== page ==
Teenager Colvin was convicted of assaulting a police officer while being arrested and placed on probation.
However, she never received notice that she'd finished the term and was on safe ground legally.
Now retired and slowed by age, Colvin has asked a judge to end the matter once and for all and wipe away a record that her lawyer says has cast a shadow over the life of a largely unsung hero of the civil rights era.
"I am an old woman now. Having my records expunged will mean something to my grandchildren and great grandchildren. And it will mean something for other black children," Colvin said in a sworn statement.
Supporters sang civil rights anthems and clapped as Colvin entered the clerk’s office and filed the expungement request on Tuesday.
Her attorney, Phillip Ensler, said he was seeking all legal documents to be sealed and all records of the case erased.
Montgomery County District Attorney Daryl Bailey later said he agreed with the request to clear Colvin‘s record, removing any doubt it would be approved.
“I guess you can say that now I am no longer a juvenile delinquent,” Colvin told relatives, well wishers and activists in the crowd.
Famed civil rights attorney Fred Gray, now 90, was also present but is not currently involved. Recalling her arrest, Colvin told the crowd: “My mindset was on freedom. So I was not going to move that day.
“I told them that history had me glued to the seat.”
Colvin left Alabama at age 20 and spent decades in New York.
Relatives always worried what might happen when she returned for visits since no court official ever said she had finished probation, according to Ensler.
“Her family has lived with this tremendous fear ever since then,” he said.
“For all the recognition of recent years and the attempts to tell her story, there wasn’t anything done to clear her record.”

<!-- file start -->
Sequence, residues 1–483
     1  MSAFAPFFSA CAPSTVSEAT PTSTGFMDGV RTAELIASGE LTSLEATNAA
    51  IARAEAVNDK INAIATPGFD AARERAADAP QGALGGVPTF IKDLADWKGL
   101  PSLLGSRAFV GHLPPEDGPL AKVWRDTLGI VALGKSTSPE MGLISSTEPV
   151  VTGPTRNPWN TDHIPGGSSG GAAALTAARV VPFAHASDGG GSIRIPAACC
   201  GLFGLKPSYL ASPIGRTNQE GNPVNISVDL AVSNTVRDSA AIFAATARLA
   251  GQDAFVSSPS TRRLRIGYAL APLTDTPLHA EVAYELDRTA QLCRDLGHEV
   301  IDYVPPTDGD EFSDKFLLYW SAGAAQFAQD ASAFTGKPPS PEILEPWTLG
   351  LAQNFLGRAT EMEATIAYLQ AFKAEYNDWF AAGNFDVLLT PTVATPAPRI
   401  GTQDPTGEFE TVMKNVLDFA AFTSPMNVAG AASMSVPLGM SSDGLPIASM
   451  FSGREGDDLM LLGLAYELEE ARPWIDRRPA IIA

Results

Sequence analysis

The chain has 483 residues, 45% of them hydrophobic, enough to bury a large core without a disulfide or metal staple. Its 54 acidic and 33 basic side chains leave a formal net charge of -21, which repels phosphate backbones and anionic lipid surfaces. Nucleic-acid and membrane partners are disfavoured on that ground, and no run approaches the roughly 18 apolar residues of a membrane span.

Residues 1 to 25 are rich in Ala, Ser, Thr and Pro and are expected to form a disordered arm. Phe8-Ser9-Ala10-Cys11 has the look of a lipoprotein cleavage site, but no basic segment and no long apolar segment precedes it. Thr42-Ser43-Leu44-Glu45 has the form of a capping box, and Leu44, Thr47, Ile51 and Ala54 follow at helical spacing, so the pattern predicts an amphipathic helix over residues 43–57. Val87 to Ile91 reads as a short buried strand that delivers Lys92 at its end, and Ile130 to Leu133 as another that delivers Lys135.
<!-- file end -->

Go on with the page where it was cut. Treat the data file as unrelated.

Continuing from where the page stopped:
Currently living in Birmingham before a move to stay with relatives in Texas, the octogenarian Colvin made her request to a juvenile court judge oddly enough since that’s where she was judged delinquent and placed on what, for all practical purposes, amounted to a lifetime of probation, Ensler said.
Montgomery’s city bus system, like the rest of public life across the Deep South, was strictly divided along racial lines in the 1950s.
Blacks had to use one water fountain while whites used another; the front of a bus was for white people while blacks had to take the back by law.
Her treatment led to the yearlong Montgomery Bus Boycott, which propelled the Rev. Martin Luther King Jr into the national limelight and often is considered the start of the modern civil rights movement.
A 15-year-old high school student at the time, Colvin got fed up and refused to move even before Parks.
A bus driver called police on March 2, 1955, to complain that two black girls were sitting near two white girls and refused to move to the back of the bus.
One of the black girls moved when asked, a police report said, but Colvin refused.
The police report said Colvin put up a struggle as officers removed her from the bus, kicking and scratching an officer.
She was initially convicted of violating the city’s segregation law, disorderly conduct and assaulting an officer, but she appealed and only the assault charge stuck.
The case was sent to juvenile court because of Colvin‘s age, and records show a judge found her delinquent and placed her on probation “as a ward of the state pending good behavior.”
And that’s where it ended, Ensler said, with Colvin never getting official word that she’d completed probation and her relatives assuming the worst — that police would arrest her for any reason they could.
Ensler said it’s “murky” as to whether Colvin is actually still on probation, but she never had any other arrests or legal scrapes.
She even became a named plaintiff in the landmark lawsuit that outlawed racial segregation on Montgomery’s buses.
Still, Colvin said, the trauma endured, particularly for relatives who constantly worried for her.
“My conviction for standing up for my constitutional right terrorised my family and relatives who knew only that they were not to talk about my arrest and conviction because people in town knew me as ‘that girl from the bus,”’ she said.
Ensler said it was uncertain when a judge might rule.